Take a trip down memory lane

Horrible Histories: Royal dance
Horrible Histories: Royal dance

Terrible Tudors and Vile Victorians are on the rampage at the Grand Theatre in Blackpool next week.

Terrible Tudors and Vile Victorians are on the rampage at the Grand Theatre in Blackpool next week.

Birmingham Stage Company’s two Horrible Histories productions help audiences to feel what it was like to live in the 16th century ruled by hideous Henries and the evil

Elizabeth I, or in the 19th century struggling to survive the misery of the mines and rotten railways! Both shows are cleverly adapted from Terry Deary’s best-selling Horrible Histories books.

Deary is the world’s best selling non-fiction author for children and one of the most popular children’s authors in the country. The shows run from Wednesday to Sunday.

Box Office: 01253 743339 or www.blackpoolgrand.co.uk.

A coming-of-age story about a natural-born troublemaker, and his relationship with his father, comes to Preston’s Continental pub theatre next Tuesday and Wednesday.

The 14th Tale follows Inua Ellam’s real life journey from his birthplace in Nigeria to the culture-shock of England, charting trials, tribulations and mischief-making along

the way. Using playful rhymes, he weaves vivid and endearing characters, while at the same time challenging expectations of what it is to be a young male in the UK today. Continental promoters They Eat Culture are delighted to be bringing London theatre producers Fuel up to the North West from the Battersea Arts Centre, when this award-winning spoken word artist performs for two consecutive nights.

Still only 28 Inua has achieved considerable success as both a poet and performer.

The 14th Tale, his first full-length show, won a Fringe First Award at Edinburgh in 2009 before going on to tour nationally and internationally.

His subsequent shows Untitled and Black T-Shirt Collection have both toured nationally and sold out the National’s Cottesloe Theatre.

Creative director of TEC, Ruth Heritage, said: “I called Fuel about a year ago to speak about how we would love to work with them in Preston to develop audiences for quality performance, and potentially to co-commission and produce work for Preston which can tour elsewhere.”

Guardian journalist and blogger Maddy Costa will be working with Fuel and various venues to create both an online buzz and a record of the project. For audiences there will be a minibus collecting them from around Preston for the event.

Groups have a special discount on the concessionary rate, and they’ll be hosting a workshop by Inua for any performers who want to get involved. Box office: 01772 499425 or 01772 253731 or online from Seetickets or WeGotTickets.

There’s a chance next week to see local young people perform a play, commissioned by the National Theatre Connections Festival, in Lancaster.

The Dukes Senior Youth Theatre will present We Lost Elijah at DT3, The Dukes youth specific venue, in Moor Lane from Thursday to Saturday. The play follows the story of a group of young people who are all affected in different ways by the discovery that their classmate has gone missing and explores the challenges of being a teenager in today’s society.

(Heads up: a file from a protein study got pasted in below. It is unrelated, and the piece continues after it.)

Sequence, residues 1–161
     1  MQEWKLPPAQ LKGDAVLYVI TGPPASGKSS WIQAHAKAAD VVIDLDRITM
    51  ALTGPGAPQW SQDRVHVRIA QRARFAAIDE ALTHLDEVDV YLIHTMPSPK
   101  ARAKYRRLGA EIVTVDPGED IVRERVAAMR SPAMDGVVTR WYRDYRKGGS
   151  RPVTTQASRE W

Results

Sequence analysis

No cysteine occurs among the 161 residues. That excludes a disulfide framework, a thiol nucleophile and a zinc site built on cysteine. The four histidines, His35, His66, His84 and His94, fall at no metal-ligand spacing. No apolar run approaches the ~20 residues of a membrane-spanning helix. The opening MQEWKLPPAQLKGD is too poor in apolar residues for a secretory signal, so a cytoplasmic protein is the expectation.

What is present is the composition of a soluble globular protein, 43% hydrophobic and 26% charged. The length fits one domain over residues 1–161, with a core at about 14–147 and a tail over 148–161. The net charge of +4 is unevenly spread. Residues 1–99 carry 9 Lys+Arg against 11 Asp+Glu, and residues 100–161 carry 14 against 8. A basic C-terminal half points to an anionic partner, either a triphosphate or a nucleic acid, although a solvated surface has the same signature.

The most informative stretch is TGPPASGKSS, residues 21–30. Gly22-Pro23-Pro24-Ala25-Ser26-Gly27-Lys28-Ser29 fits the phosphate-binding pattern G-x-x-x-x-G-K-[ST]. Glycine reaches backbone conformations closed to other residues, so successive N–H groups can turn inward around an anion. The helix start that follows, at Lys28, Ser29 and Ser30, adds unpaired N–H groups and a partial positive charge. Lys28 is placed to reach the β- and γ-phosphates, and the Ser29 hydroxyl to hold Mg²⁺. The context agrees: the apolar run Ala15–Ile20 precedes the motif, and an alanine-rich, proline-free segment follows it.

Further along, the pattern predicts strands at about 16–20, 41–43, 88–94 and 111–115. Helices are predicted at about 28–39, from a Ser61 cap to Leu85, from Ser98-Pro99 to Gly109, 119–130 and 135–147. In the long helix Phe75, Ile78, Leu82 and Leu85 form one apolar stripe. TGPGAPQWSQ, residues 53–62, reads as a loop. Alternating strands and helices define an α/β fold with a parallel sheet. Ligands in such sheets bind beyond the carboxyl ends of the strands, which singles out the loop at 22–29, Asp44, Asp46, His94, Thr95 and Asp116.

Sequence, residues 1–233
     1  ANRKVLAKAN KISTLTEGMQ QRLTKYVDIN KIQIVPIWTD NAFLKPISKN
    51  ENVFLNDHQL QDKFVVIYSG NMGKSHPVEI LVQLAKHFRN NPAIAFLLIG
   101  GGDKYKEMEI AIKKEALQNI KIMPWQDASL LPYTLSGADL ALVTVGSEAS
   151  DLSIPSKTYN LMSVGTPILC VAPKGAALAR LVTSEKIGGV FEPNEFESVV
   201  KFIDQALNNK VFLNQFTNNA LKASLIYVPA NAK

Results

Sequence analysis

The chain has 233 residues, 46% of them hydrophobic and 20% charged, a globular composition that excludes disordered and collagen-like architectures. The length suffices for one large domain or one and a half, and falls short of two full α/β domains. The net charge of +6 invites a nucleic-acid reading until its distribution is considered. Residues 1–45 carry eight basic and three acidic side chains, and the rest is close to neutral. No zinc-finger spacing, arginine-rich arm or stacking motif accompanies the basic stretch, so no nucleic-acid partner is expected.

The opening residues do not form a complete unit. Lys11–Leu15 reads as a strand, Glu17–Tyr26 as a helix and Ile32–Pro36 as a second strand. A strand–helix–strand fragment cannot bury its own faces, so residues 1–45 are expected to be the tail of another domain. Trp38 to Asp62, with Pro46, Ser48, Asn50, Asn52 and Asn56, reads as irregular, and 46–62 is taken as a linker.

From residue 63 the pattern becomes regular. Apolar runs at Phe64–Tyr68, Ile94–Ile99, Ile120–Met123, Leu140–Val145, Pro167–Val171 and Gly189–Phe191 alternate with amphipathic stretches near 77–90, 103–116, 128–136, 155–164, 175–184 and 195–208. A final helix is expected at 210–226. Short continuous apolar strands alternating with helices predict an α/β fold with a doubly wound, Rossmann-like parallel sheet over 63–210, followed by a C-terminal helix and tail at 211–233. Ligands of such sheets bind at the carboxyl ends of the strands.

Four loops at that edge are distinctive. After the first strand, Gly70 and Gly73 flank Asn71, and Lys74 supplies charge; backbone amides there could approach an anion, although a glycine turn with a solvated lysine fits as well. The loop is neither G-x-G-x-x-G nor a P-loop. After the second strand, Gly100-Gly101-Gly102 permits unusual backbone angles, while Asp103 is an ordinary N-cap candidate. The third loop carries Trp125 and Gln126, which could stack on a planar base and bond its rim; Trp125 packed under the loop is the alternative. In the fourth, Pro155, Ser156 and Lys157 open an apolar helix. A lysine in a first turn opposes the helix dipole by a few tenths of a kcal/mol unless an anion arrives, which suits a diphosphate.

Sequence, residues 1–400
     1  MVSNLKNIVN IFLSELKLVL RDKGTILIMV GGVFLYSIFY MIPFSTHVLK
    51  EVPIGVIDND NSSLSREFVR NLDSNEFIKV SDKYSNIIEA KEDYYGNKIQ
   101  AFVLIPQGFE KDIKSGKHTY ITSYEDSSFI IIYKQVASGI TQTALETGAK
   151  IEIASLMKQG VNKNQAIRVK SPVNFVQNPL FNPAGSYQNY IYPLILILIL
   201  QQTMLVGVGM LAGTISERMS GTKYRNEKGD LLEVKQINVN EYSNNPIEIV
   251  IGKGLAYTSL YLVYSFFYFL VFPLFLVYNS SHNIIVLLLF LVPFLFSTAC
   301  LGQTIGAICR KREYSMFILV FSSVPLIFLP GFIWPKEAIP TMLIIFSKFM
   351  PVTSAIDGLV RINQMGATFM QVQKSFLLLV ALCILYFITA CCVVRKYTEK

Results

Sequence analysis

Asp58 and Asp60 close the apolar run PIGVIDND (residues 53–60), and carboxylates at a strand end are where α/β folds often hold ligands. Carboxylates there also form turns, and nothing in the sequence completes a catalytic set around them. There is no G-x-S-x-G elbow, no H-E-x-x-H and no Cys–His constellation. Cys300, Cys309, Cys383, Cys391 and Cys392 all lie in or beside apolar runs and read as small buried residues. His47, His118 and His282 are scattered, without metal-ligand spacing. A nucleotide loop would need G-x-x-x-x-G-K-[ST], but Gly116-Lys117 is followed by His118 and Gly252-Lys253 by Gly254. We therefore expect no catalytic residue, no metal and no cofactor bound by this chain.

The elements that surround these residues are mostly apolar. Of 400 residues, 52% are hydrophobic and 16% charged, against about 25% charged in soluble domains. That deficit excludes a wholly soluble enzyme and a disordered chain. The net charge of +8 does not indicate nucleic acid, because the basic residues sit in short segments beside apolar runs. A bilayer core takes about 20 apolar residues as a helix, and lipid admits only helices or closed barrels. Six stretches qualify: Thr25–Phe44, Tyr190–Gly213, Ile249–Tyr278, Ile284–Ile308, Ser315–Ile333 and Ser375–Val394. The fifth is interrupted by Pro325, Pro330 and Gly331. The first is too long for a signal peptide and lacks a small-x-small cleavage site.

We Lost Elijah features 17 actors telling the story through physical theatre, live filming and projection, live sound and music.

The play’s score was composed by Thom Waite, a young musician who, although not a member of the Dukes Youth Theatre, offered to write the music as he hopes to pursue a career in music technology.

One of the directors, Mary Sharples said: “Our aim has been to shape the piece around the interests and skills of the group, and also around skills that they wanted to learn.”

The play will be performed again at Kendal’s Brewery Arts Centre’s on May 4 alongside two different Connections plays presented by other groups.

A director from the National will see the show at the Dukes and deliver feedback and The Dukes Senior Youth Theatre will find out whether they’ve been chosen to perform at the National in the summer.

Box office: 01524 598500 or www.dukes-lancaster.org

Nabucco, a magnificent golden eagle with a 6ft wingspan, is sure to steal the limelight in opera director Ellen Kent’s production of Tosca at the Grand Theatre in Blackpool on Sunday. The seven-year-old bird of prey, nicknamed Mouse, will appear in just a handful of performances around the UK – including Blackpool. Ellen Kent is bringing two new productions on March 10 (Tosca) and March 11 (Carmen).

Nabucco, who was bred in captivity, has been in training for his time in the spotlight with falconer Derek Tindall, who will be accompanying him on tour. Puccini’s Tosca is an epic tale of true love and treachery featuring torture, murder and suicide alongside some of opera’s best-known music. Set in Rome and based on a play by Victorien Sardou, it was once described as a “shabby little shocker”.

The shows also feature children from a local stage school and another animal performer - Max the donkey, who will take centre stage in Carmen.

Bizet’s dramatic opera tells the story of the downfall of soldier Don Jose, who is seduced by the fiery gypsy Carmen.